Review: Soon the Light Will Be Perfect

Back from a week-long vacay to my family’s rental property in Panama City, Florida. I got a wicked tan. Oh, and I did get some beach reading done…

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Review for "Soon the Light Will Be Perfect" by Dave Patterson (2019)
Rating: 4.5 stars

“Soon the Light Will Be Perfect” is the coming of age story of an unnamed 12-year-old boy and his family living in a small working class Catholic community in Vermont in the early 90’s. The family includes the narrator, his 15-year-old brother, and his parents, who have recently moved out of a trailer park and into a modest home that they are proud of. The father, who works at a weapon manufacturing plant, has a good job with ramped up production due to the U.S.’s involvement in the Gulf War. The mother, a homemaker, involves herself with charity work and delivering food to the poor. The family is staunchly Catholic; both of the children serve as altar boys and they attend mass regularly, even participating in events such as local anti-abortion protests.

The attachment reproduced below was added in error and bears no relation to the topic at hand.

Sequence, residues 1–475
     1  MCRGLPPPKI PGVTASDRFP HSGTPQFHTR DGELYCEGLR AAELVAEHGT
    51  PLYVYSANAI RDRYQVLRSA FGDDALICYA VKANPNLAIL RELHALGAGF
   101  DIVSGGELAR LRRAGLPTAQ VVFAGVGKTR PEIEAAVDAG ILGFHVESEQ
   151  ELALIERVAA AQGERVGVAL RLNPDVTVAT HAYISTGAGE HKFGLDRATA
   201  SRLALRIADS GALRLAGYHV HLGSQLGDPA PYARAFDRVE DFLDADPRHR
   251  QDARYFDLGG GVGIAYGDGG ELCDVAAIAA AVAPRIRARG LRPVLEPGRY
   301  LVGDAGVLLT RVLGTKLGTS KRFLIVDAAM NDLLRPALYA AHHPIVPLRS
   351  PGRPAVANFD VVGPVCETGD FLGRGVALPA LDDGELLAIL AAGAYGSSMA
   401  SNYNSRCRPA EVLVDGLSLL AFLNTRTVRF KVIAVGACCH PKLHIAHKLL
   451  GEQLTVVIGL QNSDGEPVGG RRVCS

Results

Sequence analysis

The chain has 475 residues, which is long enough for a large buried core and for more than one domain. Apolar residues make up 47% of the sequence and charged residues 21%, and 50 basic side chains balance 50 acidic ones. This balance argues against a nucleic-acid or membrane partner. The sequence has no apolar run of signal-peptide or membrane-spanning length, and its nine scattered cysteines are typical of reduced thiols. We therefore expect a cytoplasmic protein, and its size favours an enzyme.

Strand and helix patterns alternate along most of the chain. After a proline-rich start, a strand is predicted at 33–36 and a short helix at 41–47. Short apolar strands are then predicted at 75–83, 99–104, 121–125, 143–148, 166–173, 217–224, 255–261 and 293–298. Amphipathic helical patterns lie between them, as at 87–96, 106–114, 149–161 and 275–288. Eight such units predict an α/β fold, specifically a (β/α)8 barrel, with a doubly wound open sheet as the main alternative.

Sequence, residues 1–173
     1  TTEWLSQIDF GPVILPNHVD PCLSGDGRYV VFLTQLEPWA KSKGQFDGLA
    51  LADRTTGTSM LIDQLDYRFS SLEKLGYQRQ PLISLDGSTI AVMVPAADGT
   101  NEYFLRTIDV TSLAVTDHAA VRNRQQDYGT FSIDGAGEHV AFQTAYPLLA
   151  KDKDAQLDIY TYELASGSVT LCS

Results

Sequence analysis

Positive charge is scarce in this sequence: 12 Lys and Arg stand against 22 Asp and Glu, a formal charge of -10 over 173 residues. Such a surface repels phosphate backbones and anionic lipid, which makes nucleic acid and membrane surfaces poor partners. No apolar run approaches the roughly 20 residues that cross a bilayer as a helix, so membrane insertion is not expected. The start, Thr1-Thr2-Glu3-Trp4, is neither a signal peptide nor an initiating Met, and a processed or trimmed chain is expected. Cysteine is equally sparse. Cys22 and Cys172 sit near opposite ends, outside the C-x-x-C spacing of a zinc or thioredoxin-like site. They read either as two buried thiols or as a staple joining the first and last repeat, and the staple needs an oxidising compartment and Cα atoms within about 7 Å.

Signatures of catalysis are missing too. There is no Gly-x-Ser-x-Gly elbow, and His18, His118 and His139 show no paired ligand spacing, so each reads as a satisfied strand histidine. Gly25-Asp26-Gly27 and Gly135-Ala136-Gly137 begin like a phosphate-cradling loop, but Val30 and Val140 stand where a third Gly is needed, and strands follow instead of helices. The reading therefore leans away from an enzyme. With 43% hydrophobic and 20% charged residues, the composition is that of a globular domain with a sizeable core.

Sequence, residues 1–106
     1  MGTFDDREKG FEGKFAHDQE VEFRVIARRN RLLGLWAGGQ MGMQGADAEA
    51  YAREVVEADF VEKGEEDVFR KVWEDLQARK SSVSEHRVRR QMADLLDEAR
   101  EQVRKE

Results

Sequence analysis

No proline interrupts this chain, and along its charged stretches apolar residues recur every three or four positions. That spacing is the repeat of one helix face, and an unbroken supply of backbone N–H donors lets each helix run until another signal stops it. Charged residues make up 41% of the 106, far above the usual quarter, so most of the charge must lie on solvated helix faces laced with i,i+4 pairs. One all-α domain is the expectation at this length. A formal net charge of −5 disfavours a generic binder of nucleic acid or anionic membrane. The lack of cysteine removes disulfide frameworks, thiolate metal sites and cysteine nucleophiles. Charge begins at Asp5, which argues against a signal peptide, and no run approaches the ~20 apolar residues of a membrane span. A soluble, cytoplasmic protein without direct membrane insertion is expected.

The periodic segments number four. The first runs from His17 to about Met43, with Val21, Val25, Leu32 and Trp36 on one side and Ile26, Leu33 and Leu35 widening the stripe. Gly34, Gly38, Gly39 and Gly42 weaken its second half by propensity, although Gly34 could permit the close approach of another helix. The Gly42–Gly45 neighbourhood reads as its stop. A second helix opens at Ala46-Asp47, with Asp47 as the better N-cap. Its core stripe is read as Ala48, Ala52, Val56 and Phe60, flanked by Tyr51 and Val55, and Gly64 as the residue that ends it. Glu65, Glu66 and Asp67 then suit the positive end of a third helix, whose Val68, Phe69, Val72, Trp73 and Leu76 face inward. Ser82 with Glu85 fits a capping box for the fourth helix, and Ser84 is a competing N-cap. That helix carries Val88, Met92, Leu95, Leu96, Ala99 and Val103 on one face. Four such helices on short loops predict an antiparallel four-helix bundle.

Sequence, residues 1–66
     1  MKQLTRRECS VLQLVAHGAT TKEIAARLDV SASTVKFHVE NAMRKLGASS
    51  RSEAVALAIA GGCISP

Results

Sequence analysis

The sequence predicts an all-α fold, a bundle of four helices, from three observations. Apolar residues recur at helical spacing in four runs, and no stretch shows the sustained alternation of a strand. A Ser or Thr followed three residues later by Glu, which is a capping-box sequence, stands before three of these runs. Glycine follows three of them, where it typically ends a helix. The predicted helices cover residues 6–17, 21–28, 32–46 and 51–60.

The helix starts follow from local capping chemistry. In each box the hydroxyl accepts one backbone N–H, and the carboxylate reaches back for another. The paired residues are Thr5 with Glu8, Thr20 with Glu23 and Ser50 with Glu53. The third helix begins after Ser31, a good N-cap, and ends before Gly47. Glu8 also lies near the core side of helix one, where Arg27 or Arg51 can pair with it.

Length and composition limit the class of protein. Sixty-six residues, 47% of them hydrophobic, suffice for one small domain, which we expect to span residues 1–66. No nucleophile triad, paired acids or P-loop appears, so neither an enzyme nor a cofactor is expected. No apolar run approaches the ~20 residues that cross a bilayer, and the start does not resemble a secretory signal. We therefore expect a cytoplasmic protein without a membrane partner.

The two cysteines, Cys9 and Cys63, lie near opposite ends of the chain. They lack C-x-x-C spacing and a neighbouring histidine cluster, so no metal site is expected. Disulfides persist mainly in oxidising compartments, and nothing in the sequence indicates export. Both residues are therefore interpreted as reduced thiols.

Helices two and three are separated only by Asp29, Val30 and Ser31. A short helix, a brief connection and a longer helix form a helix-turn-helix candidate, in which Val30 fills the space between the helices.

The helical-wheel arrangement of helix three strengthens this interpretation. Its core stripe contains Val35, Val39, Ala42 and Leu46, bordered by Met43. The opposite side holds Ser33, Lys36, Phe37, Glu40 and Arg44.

Then comes the summer, when this novel begins. The mother’s stomach problems bloom into a devastating cancer diagnosis. The father loses his job when his conscience prevents him from turning a blind eye to shady goings-on at work. His brother begins experimenting with pot, alcohol, and talking to girls. The narrator begins to have affections for a troubled local girl and experiences a crisis of faith where he questions everything, everyone. All of the events in this novel are told by an older and wiser narrator, looking back on this particular period in time.

I really liked this book. Each chapter could stand alone as a separate story, with its own plot, characters, and conflict. From the first page onward I was engaged in this, and when I wasn’t reading it, I was thinking about the characters in it.

I will definitely read more of this author in the future. 4.5 stars.

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